Phase II of JUNCTION CITY came to a close on 15 April. The original intention was that the operation would then cease; how-ever, the first two phases had proved so successful that Phase III was initiated. Control of this last phase was to be the sole respon-sibility of the 25th Infantry Division, which would commit a brigade to it.
Phase III continued the objectives of JUNCTION CITY I and II, using the mobile brigade concept to conduct offensive operations in War Zone C. The 3d Brigade, 4th Division, had already relieved the 196th Brigade of these operations near the end of Phase II. Therefore when the final phase opened, the 3d of the 4th continued to secure the towns of Tay Ninh and Suoi Da and Route 26 south from Tay Ninh, and to operate throughout the lower western half of War Zone C. One battalion of the brigade conducted search and destroy operations north of Route 247, thereby affording a degree of protection for the completion of the Special Forces camp at Prek Klok. The brigade was deployed until 20 April, when it ended its participation in JUNCTION CITY.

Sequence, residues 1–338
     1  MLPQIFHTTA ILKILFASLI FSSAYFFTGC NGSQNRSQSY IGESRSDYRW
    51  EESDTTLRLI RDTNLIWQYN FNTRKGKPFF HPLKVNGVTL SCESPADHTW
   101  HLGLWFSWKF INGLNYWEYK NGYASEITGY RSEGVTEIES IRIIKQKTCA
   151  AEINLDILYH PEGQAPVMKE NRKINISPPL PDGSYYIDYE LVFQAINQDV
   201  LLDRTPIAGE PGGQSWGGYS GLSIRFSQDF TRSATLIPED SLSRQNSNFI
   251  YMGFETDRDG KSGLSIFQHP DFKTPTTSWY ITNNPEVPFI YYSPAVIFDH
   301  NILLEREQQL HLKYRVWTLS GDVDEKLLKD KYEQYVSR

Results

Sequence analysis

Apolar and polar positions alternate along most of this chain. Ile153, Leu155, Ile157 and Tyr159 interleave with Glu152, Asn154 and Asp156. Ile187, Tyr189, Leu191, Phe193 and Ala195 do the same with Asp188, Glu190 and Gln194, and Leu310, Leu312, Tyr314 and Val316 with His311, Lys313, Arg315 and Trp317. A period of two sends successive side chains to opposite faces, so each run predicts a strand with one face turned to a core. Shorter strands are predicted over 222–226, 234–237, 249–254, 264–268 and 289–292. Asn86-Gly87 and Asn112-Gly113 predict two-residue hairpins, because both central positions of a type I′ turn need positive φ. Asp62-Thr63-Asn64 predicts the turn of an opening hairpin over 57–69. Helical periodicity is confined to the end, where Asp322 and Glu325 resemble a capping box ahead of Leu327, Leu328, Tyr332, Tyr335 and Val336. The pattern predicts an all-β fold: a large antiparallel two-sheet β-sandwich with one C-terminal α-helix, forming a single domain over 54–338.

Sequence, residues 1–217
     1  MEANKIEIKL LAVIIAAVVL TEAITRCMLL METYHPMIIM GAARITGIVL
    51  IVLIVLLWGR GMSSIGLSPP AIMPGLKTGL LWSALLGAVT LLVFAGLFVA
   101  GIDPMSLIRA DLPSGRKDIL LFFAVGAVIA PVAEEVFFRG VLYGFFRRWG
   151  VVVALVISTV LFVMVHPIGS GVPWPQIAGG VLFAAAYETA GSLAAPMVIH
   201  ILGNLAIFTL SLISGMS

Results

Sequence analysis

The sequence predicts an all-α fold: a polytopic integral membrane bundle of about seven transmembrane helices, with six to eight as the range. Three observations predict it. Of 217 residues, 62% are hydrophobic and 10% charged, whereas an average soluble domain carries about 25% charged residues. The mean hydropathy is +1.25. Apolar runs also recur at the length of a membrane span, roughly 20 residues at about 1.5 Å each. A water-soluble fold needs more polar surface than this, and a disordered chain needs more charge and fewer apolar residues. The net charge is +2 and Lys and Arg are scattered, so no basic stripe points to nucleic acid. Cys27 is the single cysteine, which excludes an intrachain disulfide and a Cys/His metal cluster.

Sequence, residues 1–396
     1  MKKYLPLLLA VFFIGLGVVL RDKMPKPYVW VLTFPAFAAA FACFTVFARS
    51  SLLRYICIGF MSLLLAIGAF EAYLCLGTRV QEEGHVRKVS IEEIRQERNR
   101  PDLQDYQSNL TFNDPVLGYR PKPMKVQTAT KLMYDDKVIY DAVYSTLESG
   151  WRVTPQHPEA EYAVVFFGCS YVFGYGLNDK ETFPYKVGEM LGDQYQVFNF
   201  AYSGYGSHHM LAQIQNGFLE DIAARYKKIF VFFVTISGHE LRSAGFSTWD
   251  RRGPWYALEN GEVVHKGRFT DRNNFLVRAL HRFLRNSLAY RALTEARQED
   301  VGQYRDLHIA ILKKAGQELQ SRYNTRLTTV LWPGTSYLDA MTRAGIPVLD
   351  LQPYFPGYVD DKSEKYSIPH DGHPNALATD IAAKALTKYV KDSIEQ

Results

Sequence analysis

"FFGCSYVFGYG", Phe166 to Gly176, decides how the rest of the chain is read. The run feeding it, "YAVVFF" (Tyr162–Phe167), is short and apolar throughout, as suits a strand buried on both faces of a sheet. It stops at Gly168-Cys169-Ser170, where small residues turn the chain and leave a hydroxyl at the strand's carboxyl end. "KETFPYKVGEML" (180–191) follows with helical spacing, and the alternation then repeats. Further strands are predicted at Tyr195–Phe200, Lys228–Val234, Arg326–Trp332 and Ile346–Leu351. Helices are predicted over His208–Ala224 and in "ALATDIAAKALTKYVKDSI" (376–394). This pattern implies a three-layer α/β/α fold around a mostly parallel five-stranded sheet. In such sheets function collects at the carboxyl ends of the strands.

On the 21st the 1st Brigade, 9th Division, with a tank company and the South Vietnamese 36th Ranger Battalion attached, came under the operational control of the 25th Division and assumed the mission of the 3d Brigade, 4th Division. For the next twenty days the brigade forces conducted operations throughout the area, but the organized enemy units became almost impossible to find. Most of the contacts made were with relatively small Viet Cong groups; however, many bunkers and military structures were located and destroyed. Casualties sustained by friendly forces were primarily caused by mines and booby traps. It soon became evident that the enemy had dispersed to a new area.
At midnight on 14 May 1967, Operation JUNCTION CITY, the largest military offensive operation of the Vietnamese conflict to that time, was brought to a close.
The statistical results of JUNCTION CITY are impressive. All the regiments of the 9th Viet Cong Division had been trounced. The final totals carried 2,728 enemy killed and 34 prisoners taken.
There were 139 Chieu Hoi ralliers and 65 detainees. Among items of equipment captured were 100 crew-served weapons, 491 indi-vidual weapons, and thousands of rounds of ammunition, grenades, and mines. More than 5,000 bunkers and military structures were destroyed. Over 810 tons of rice and nearly 40 tons of other food-stuffs such as salt and dried fish were uncovered. Nearly one-half million pages of assorted documents were taken. American personnel losses were 282 killed and 1,576 wounded, while U.S. materiel losses included the destruction of 3 tanks, 21 armored personnel carriers, 12 trucks, 4 helicopters, 5 howitzers, and 2 quad-.50 machine guns and carriers.